With an agenda focused on digital transformations, over 30 heads of the delegation are taking part in the G20 Digital Economy Ministerial Meeting in Salta, in the north-west of Argentina. Chaired by Andrés Ibarra, Argentine Minister of Modernization, and Lino Barañao, Argentine Minister of Science, Technology and Innovative Production, the meeting started last night with an official dinner at Salta’s Fine Arts Museum and continues today with working sessions at the Salta Convention Centre.
The Digital Economy Task Force (DETF) was established under the 2017 German presidency, based on the decision adopted in Hangzhou in 2016 under the Chinese Presidency.
In Antalya, under the Turkish presidency in 2015, G20 leaders recognized the modern period as a critical era of digital transformation, influenced by the advent of new technologies as key elements for economic development.
What is the Digital economy?
The digital economy refers to a broad range of activities which include: the use of knowledge and information as factors in production, information networks as a platform for action, and how the information and communication technology (ICT) sector spurs economic growth.
Challenges to digital economy:
Important challenges include providing high-speed internet for all by 2025, creating inclusive growth and new jobs through digital trade, promoting lifelong digital learning, and closing the gender gap.
The G20 is made up of 19 countries and the European Union. The 19 countries are Argentina, Australia, Brazil, Canada, China, Germany, France, India, Indonesia, Italy, Japan, Mexico, Russia, Saudi Arabia, South Africa, South Korea, Turkey, the United Kingdom and the United States.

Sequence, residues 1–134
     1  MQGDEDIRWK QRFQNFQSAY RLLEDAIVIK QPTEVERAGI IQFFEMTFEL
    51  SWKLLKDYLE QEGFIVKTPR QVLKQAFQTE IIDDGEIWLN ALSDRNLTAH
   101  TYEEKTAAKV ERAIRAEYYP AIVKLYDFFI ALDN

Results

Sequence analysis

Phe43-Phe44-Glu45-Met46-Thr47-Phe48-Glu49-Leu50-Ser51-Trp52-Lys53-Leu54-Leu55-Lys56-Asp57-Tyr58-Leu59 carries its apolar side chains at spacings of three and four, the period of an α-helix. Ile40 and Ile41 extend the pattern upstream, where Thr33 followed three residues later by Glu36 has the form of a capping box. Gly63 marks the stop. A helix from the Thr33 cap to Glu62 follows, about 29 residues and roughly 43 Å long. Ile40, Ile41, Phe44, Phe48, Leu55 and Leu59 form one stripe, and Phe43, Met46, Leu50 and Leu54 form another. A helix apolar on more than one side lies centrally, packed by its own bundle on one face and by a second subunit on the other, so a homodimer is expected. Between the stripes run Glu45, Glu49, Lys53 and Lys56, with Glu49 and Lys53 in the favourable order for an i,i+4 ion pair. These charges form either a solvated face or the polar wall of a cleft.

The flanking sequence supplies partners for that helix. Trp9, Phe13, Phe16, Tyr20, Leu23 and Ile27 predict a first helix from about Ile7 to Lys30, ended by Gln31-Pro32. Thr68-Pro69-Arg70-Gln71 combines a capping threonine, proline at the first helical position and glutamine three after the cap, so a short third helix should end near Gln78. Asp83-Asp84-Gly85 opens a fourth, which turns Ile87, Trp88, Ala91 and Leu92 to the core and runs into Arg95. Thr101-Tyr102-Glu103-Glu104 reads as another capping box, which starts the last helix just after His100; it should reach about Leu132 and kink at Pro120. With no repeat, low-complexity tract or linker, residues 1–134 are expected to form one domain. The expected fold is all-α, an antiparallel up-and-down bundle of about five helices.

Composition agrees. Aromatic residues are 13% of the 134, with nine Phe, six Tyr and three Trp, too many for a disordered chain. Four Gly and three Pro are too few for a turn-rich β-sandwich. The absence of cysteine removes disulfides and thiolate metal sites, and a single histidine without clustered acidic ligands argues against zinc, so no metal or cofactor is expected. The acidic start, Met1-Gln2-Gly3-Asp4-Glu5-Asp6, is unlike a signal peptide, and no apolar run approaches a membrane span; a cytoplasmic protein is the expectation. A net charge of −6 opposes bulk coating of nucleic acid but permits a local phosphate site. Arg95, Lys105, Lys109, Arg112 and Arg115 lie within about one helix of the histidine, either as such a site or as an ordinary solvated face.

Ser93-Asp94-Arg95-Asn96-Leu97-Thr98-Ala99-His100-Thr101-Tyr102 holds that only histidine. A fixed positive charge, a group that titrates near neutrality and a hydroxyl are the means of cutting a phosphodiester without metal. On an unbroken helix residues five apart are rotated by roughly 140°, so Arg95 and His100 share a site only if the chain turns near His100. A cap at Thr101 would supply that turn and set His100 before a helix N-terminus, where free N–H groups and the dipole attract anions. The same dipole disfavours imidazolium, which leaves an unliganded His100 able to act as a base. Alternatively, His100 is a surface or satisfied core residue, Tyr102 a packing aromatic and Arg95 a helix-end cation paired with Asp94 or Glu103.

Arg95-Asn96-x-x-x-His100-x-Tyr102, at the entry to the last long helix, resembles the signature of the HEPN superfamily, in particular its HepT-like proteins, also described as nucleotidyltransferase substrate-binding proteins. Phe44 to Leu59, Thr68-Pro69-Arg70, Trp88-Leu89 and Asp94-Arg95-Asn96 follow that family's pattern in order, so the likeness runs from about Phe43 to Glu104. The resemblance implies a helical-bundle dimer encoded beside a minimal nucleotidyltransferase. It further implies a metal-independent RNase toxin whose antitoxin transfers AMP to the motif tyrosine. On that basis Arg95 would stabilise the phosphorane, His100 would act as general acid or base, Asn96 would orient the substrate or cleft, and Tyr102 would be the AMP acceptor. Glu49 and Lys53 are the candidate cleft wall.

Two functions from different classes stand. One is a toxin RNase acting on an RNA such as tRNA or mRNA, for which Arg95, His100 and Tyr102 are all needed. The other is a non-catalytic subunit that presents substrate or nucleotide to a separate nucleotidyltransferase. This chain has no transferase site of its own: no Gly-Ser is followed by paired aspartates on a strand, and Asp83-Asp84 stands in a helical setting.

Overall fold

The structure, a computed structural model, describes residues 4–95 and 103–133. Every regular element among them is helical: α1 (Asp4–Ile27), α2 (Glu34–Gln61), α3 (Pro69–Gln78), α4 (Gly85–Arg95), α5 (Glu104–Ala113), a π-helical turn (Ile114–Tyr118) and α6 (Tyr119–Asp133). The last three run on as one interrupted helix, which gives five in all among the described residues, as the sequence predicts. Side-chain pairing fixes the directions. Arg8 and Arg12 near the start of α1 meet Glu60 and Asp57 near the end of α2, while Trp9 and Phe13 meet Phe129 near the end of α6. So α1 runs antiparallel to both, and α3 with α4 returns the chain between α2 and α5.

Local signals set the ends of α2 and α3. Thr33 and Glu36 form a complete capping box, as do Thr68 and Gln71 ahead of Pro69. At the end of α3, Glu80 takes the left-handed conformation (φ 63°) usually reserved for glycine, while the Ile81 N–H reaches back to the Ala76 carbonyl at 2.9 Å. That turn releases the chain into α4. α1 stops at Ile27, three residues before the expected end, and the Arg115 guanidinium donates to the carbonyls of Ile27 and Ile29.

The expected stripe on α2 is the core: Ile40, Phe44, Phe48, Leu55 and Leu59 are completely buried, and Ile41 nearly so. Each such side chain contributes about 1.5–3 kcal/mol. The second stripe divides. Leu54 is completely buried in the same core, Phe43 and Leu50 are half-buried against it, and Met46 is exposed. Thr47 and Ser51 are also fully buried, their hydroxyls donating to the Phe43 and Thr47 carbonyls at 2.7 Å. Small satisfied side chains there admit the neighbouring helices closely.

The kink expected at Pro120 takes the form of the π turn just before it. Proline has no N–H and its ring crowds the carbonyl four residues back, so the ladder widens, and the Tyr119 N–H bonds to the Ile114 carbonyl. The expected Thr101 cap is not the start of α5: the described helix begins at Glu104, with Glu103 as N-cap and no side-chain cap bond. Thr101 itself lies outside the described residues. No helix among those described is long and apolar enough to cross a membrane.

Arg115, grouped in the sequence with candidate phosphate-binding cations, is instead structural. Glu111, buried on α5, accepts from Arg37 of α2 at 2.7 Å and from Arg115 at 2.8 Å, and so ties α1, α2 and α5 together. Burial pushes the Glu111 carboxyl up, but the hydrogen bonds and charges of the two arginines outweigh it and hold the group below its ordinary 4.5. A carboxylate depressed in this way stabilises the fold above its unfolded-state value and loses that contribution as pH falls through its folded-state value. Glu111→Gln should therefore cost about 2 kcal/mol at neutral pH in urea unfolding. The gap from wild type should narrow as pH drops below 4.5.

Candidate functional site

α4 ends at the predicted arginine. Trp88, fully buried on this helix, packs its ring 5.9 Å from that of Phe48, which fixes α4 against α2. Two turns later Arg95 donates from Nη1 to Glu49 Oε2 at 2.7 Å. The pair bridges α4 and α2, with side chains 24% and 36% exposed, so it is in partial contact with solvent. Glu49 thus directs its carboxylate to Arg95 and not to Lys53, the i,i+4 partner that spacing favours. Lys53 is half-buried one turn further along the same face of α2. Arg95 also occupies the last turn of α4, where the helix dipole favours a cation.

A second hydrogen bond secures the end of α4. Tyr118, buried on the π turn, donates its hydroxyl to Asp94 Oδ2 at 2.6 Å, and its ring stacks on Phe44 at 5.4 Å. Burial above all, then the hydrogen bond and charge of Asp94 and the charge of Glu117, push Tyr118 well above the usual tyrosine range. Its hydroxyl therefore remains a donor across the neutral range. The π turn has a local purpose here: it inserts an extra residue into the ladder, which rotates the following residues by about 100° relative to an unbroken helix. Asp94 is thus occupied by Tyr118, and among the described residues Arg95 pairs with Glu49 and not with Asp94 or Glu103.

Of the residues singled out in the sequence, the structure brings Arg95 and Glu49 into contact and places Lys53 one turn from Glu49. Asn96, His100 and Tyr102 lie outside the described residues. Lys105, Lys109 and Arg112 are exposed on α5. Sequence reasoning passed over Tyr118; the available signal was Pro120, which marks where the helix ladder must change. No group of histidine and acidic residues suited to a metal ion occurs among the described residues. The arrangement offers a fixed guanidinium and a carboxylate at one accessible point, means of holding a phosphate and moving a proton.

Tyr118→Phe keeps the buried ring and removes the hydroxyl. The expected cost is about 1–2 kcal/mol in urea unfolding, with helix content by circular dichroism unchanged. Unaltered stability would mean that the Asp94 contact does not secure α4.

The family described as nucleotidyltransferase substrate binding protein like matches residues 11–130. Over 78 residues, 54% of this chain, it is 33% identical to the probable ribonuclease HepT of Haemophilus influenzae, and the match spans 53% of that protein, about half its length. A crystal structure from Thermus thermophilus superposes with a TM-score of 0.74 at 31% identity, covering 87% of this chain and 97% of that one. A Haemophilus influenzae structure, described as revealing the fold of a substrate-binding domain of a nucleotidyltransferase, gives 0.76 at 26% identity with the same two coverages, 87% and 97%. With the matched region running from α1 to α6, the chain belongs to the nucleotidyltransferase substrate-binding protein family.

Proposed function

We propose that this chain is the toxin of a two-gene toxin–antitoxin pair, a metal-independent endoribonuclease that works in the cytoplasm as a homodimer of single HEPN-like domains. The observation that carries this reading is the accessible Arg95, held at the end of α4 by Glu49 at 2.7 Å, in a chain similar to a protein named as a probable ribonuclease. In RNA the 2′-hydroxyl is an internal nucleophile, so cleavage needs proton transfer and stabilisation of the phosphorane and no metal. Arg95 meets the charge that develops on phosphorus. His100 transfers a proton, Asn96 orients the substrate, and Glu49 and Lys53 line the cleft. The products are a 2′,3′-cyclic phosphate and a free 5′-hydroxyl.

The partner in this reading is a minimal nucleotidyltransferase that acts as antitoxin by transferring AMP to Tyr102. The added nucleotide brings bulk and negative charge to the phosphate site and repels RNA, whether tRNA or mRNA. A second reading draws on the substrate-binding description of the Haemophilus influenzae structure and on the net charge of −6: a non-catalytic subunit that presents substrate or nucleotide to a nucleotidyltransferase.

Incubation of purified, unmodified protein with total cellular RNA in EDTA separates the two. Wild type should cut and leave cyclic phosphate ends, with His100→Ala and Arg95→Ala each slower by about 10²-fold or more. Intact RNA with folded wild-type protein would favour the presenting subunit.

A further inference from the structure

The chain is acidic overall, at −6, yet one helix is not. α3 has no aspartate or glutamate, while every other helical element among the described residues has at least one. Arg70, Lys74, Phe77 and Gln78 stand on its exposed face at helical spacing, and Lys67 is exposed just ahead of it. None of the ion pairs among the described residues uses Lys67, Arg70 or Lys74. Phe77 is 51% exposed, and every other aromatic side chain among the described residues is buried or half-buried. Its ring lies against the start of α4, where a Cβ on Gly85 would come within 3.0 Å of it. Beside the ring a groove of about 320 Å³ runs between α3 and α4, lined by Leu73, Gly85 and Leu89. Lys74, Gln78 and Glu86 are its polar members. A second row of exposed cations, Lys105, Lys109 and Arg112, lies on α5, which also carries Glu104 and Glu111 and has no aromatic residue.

The G20 was born out of a meeting of G7 finance ministers and central bank governors in 1999 who saw a need for a more inclusive body with broader representation to have a stronger impact on addressing the world’s financial challenges. The G7 invited leading markets – both developed and emerging – to form a new ministerial-level forum: the G20.
In 2008, amidst the global financial crisis, the world saw a need for new consensus-building at the highest political level. Since then, the G20 summits have been attended by heads of state or government, and the G20 was instrumental in stabilizing the world economy. Since then, its agenda has expanded to include additional issues affecting financial markets, trade, and development.
Collectively, G20 members represent all inhabited continents, 85% of global economic output, two-thirds of the world’s population, and 75% of international trade.
G20 policy-making is enriched by the participation of key international organizations regularly invited to G20 meetings, guest countries invited at the president’s discretion, and engagement groups composed of different sectors civil society.
The Finance track comprises all meetings with G20 finance ministers and central bank governors and their deputies. Convening several times throughout the year, they focus on financial and economic issues, such as monetary, fiscal and exchange rate policies, infrastructure investment, financial regulation, financial inclusion and international taxation.
The Sherpa track focuses on broader issues such as political engagement, anti-corruption, development, trade, energy and climate change, gender equality, among others. Each G20 country is represented at these meetings by its relevant minister, and by its designated sherpa, or emissary. The sherpa engages in planning, negotiation and implementation tasks on behalf of the leader of their respective country. Each sherpa orients their minister and head of state or government accordingly on the progress of the G20 and delegates the dialogue and topics to relevant working groups.